When creating new electronics, designers, and engineers must have a common language to describe the components that go into the new project. This language comes in electronic component schematic symbols that unambiguously describe a component’s position, type, and function within a project.
Experienced designers may only need text descriptions of components if they have a reliable memory for electronic component schematic symbols. Schematic symbols can vary slightly depending on the area of the world in which they are found, and designers need to be aware that multiple symbols may mean the same thing. There is a wide variety of electronic component schematic symbols, with this article only covering the most common symbols.
What is an Electronic Component Schematic Symbol?
An electronic component schematic symbol is a pictorial representation of an electronic component, usually standardized by an international electronics industry body. Such standards organizations include:
- International Electrotechnical Commission: IEC 60617 – Graphical Symbols for Diagrams. The IEC database requires a yearly subscription, but designers can access one of the most comprehensive groups of schematic symbols relied upon by engineers worldwide. Most designers and manufacturers use this standard directly or base their own standards on it.
- IEEE/ANSI 315-1975 – IEEE Standard for Graphic Symbols for Electrical and Electronics Diagrams (Including Reference Designation Letters). This common graphical standard for schematics symbols was deprecated in 2019, but many of its symbols are still in common usage, so engineers would be wise to reference it. Designers can access it with a one-time purchase.
- IPC-2612-1: Sectional Requirements for Electronic Diagramming Symbol Generation Methodology. This IPC standard defines strategies for creating new schematic symbols that comply with electronics industry norms. It’s accessible through a one-time purchase.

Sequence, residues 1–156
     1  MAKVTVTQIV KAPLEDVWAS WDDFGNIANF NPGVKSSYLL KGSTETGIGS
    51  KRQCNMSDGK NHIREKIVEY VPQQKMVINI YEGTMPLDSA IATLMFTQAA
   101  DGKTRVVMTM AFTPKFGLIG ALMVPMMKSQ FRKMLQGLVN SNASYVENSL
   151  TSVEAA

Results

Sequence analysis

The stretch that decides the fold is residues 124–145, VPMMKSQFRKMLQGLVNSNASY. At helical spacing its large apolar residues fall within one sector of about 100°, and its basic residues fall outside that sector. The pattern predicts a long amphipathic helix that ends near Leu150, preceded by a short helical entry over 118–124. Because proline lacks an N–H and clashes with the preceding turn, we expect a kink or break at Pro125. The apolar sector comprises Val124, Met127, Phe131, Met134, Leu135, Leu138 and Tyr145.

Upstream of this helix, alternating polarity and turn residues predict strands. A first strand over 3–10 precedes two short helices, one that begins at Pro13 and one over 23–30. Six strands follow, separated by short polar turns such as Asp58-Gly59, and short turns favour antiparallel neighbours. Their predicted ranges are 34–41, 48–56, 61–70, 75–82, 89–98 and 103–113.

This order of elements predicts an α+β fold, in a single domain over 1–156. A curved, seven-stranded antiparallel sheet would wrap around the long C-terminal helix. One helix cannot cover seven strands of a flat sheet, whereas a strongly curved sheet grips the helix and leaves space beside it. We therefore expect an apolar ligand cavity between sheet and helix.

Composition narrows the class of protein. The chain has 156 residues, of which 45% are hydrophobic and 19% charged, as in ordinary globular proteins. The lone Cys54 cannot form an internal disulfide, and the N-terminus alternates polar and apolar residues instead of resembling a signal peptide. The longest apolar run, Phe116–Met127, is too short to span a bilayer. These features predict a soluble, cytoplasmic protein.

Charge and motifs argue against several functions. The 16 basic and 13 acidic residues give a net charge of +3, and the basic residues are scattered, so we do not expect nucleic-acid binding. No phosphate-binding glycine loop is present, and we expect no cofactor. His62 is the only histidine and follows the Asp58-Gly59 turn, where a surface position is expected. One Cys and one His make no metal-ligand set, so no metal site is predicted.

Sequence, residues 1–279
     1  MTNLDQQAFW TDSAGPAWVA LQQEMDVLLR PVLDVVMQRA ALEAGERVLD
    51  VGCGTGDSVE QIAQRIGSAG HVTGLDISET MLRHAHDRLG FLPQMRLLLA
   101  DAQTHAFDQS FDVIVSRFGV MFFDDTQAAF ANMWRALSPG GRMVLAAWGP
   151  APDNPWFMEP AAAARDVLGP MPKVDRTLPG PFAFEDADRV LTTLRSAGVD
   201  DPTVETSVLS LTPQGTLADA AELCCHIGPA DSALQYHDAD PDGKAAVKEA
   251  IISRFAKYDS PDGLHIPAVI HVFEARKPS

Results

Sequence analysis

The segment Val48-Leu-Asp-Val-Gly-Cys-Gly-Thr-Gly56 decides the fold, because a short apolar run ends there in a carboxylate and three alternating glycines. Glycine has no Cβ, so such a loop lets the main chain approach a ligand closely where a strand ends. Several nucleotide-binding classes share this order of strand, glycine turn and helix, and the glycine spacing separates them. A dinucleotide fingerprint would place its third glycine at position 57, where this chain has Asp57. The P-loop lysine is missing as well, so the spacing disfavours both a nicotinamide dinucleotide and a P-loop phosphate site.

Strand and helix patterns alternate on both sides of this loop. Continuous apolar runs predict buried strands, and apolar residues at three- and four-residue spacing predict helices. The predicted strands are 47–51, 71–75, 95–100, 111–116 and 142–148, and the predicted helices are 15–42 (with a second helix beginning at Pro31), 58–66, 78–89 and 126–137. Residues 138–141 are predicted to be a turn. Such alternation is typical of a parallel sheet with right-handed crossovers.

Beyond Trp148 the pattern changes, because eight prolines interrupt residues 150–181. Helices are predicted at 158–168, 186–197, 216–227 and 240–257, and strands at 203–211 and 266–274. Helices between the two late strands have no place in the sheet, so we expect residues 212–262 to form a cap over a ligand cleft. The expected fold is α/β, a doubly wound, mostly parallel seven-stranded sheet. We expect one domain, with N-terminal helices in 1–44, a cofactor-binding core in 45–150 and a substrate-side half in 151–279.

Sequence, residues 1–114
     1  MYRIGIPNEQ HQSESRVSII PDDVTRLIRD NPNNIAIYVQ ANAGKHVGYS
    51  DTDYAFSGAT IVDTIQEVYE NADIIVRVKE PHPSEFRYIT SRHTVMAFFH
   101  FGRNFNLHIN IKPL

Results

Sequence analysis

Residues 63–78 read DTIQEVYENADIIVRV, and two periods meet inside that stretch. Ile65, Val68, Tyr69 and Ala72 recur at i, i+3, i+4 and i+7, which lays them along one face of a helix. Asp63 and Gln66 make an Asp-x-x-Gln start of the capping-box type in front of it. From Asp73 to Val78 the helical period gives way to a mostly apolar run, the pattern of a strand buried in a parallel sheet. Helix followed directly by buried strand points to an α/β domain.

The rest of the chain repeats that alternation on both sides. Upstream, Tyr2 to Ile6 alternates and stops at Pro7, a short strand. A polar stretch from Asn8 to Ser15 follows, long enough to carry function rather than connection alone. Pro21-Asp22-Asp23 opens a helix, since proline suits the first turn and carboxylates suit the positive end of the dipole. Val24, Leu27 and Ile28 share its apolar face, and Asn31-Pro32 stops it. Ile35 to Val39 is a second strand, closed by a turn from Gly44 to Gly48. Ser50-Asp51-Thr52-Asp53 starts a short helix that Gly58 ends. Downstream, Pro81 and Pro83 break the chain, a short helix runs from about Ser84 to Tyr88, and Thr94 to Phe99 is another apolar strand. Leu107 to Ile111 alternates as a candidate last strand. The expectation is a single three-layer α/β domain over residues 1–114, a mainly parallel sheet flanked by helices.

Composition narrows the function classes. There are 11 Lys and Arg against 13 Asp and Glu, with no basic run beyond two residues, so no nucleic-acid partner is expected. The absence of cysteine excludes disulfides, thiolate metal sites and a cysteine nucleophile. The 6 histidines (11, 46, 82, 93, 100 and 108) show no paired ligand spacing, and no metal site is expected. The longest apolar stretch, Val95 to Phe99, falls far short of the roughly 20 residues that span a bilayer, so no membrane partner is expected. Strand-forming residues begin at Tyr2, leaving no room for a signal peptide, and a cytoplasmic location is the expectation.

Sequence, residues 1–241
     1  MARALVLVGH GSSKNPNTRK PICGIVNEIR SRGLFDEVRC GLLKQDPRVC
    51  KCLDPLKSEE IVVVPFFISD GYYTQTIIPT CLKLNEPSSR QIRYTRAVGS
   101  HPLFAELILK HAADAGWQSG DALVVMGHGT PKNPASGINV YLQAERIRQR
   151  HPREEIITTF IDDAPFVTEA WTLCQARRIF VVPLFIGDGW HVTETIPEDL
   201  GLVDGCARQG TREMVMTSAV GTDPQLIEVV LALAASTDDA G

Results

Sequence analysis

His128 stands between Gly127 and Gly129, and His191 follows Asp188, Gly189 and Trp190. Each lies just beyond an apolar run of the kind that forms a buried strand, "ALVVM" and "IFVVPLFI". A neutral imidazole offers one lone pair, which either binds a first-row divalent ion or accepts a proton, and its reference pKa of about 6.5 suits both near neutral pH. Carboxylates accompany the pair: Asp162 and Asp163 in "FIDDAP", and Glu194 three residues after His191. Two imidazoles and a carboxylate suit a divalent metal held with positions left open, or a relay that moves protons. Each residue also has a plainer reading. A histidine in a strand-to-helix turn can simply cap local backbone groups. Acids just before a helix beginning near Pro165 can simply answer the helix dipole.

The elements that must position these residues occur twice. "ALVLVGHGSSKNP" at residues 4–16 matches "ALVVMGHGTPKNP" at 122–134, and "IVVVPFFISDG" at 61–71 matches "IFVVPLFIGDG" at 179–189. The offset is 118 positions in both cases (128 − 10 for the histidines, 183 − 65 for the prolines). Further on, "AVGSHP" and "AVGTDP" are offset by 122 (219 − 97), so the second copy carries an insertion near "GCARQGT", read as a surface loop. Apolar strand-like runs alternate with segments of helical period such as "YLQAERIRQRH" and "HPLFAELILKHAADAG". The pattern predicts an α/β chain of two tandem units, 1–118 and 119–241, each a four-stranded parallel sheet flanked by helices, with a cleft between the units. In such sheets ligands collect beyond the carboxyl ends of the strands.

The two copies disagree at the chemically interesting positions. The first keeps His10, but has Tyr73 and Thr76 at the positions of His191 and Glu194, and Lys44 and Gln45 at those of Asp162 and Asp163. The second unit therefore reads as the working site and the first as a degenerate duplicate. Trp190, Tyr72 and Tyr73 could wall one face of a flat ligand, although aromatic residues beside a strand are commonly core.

Historically, CAD librarians needed to memorize many of these symbols or refer to industry reference literature when creating or cataloging components. Today, they are widely available on many reputable websites, along with design footprints and schematics.
Schematic symbols include a wide variety of component types and circuit features. Most people who have seen simple electrical diagrams are familiar with symbols for resistors, switches, fuses, and other passives. However, electronic component symbols can involve more complex circuit features, such as batteries with single or multiple cells, inductors, capacitors, and transformers.
There are even schematic symbols for some simple machines that may be integrated into a circuit, like buzzers, speakers, relays, and motors. With extremely complex machines, it may be unnecessary, too time-consuming, or too difficult to depict all the components they contain within a schematic. Therefore, schematic symbols can simplify designers’ projects by using a single symbol for complex machines.
Table of Schematic Symbols
It’s important for designers to know many of these older schematic symbols if they are upgrading or analyzing older technology. If a designer or engineer creates completely new electronics projects, knowledge of older symbols is not as essential but may be beneficial occasionally. Given the rapid increase of technology, the new IPC standard governing the creation of new schematic symbols may be especially helpful to designers.
If there are two symbols present for a given component, the first symbol is the international variant, while the second is the United States variant. The symbols shown below follow the IEEE/ANSI specifications, as these are most commonly used in schematic editors in ECAD software. However, many designers and some open-source ECAD programs use the IEC symbols or a mix of the IEEE/ANSI symbols. Due to the popularity of the IEEE/ANSI symbols in major ECAD platforms, they are listed here for reference.
PCB Designers Need Complete Libraries with Schematic Symbols
Today’s ECAD tools generally include most or all of the symbols shown above in their built-in libraries. In addition, most designers don’t refer to one of the standards listed above when adding schematic symbols to a component library. Instead, the most common components are called out with a specific designator prefix (R = resistor, C = capacitor, L = inductor, U = integrated circuit). A schematic symbol will frequently be provided with a note describing the part number or type of component for the designer. As long as the schematic symbol contains the appropriate designator prefix or is a self-explanatory symbol, many designers will not worry about which standard the symbol follows.
The schematic symbol must match the pinout shown in the component datasheets for integrated circuits and connectors and then be added to a component library with PCB footprints and 3D models. Instead of creating every component from scratch, PCB designers can use the best electronic parts search engine to find the component data they need, including sourcing data, specifications, and datasheets for components.
If you’re looking for CAD models for electronic component schematic symbols, Ultra Librarian helps by compiling all your sourcing and CAD information in one place.